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Both Dick Tracy and Boris Karloff ended their associations with RKO Studios with the fast-paced B-movie, Dick Tracy Meets Gruesome (1947). Their leave-taking was hardly a sign of failure -- the movie was widely considered the best film to feature the famed comic-strip detective until Warren Beatty shot his big-budget version in 1990. But RKO was finding their detective film series increasingly less profitable and had ended the Falcon films starring Tom Conway the year before. And horror was fading, too -- until it came back with the UFO and atomic war scares of the '50s.
Dick Tracy made his debut in 1931 when, after a decade of rejection letters, commercial artist Chester Gould finally sold a comic strip idea to the Chicago Tribune syndicate. He originally called the character "Plainclothes Tracy," until the syndicate's head, Captain Joseph Medill Patterson, suggested giving him a real first name derived from the slang word for "detective." Dick Tracy was one of the first comic strips to deal with the war against organized crime and arrived at a time when it seemed that the criminals were winning. In addition, it was the first comic strip to feature brutal, realistic violence. It caught on quickly, eventually being picked up by 800 newspapers and reaching an estimated 100 million readers.
With numbers like that, Tracy was a natural for the movies. But given the low regard in which comics were held, he only appeared in low-budget productions starting with four serials at Republic Pictures from 1936-41. For the lead, the studio cast Ralph Byrd, a young actor just starting out in films whose strong features and jet-black hair gave him an uncanny resemblance to the character. Tracy was then off the screen until 1946, when RKO picked up the rights for a series of four low-budget features. Byrd had been building a solid reputation as a character actor since first playing Tracy, when a car accident sidelined his career for a few years. Instead, RKO cast Morgan Conway, a young contract player, in their first two Tracy films, Dick Tracy (1945) and Dick Tracy vs. Cueball (1946). In an effort to improve the series, the studio dropped Conway and convinced Byrd, now fully recovered, to return to his most famous role. He would only make two more Tracy films, Dick Tracy's Dilemma and Dick Tracy Meets Gruesome (both 1947), before the studio pulled the plug.
RKO's Dick Tracy films kept many ideas from the original comics, including Tracy's romance with Tess Truehart and his fast-talking sidekick (In the film the character was named Pat Patton, Tracy's boss in the comic strip, rather than his traditional partner, Sam Catchem). As often happens in low-budget films, the series provided a starting point for actors just starting their careers (Jennifer Jones had made her second screen appearance in Republic's third Tracy serial, Dick Tracy's G-Men, in 1939). In the first three films, Tess was played by Anne Jeffreys, who would achieve stardom on Broadway and in the television series Topper. Future film noir stars Mike Mazurki and Jane Greer were in RKO's first Tracy film. The final entry featured Lex Barker, just two years before he took over the role of Tarzan from Johnny Weissmuller, and Robert Clarke, who would go on to cult fame as the star of such low-budget horror films as The Man From Planet X (1951) and The Astounding She-Monster (1957).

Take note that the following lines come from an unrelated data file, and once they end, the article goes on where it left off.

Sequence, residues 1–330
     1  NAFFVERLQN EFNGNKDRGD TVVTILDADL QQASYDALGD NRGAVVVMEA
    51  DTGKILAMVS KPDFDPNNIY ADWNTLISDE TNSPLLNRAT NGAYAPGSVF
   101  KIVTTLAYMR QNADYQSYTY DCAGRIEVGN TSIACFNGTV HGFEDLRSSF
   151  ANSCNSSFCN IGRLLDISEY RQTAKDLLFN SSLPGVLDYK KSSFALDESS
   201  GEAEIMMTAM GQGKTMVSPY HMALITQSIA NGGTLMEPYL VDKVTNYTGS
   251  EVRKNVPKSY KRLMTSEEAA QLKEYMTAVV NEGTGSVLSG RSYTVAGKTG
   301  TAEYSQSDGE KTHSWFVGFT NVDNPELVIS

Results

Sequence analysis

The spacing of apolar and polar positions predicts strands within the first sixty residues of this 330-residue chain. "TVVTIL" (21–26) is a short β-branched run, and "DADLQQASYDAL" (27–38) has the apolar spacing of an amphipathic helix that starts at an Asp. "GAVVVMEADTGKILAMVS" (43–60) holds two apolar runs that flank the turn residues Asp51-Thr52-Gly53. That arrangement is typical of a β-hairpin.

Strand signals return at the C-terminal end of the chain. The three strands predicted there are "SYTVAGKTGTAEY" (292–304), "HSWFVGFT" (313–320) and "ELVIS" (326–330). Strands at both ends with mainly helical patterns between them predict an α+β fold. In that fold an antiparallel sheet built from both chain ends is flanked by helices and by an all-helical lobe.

But even though Byrd played the hero, the film's real star was Boris Karloff. Karloff had done outstanding work at RKO, where he starred in The Body Snatcher (1945), Isle of the Dead (1945) and Bedlam (1946) for producer Val Lewton, whose low-key, moody horror films are now considered classics. Lewton had moved on from horror films, however, and Karloff still owed the studio one film. So they used him to bolster their B-movie detective series. Although it may have seemed a come down, Karloff gave his all to the role, developing a strong characterization as the toothpick chewing, low-class crook who uses sleeping gas to pull off a series of bank heists. The writers even inserted a joke about their recognizable star when Patton quips, "If I didn't know better, I'd think he was Boris Karloff."
At least Karloff could draw comfort from the chance to work with some old friends. Stage star Jason Robards, Sr. (the father of Jason Robards, Jr.) had worked with him on Isle of the Dead, while beautiful Anne Gwynne, who took over the role of Tess Truehart in this film, had been the leading lady in Black Friday (1940) and House of Frankenstein (1944). In addition, he proved his continuing star status when he was singled out in all of the reviews and even given top billing over Byrd for the film's British release (where the film was re-titled Dick Tracy's Amazing Adventure).
Although Dick Tracy Meets Gruesome marked the end of the road for the detective at RKO, it was hardly his end in the entertainment media. Byrd would reclaim the role for a short-lived television series in 1950. Unfortunately, he died of a heart attack a few weeks after completing production on the show's first season. Since then, Tracy has returned as the star of two television cartoon series and Warren Beatty's big-budget 1990 version.
Producer: Herman Schlom
Director: John Rawlins
Screenplay: Robertson White, Eric Taylor
Based on a story by William H. Graffis and Robert E. Kent, from the comic strip by Chester Gould
Cinematography: Frank Redman
Art Direction: Albert S. D'Agostino, Walter E. Keller
Music: Paul Sawtell
Cast: Boris Karloff (Gruesome), Ralph Byrd (Dick Tracy), Anne Gwynne (Tess Truehart), Lyle Latell (Pat Patton), Skelton Knaggs (X-Ray), Joseph Crehan (Chief Brandon), Jason Robards, Sr. (Mr. Fax), Lex Barker (City Hospital Driver), Robert Clarke (Fred).
by Frank Miller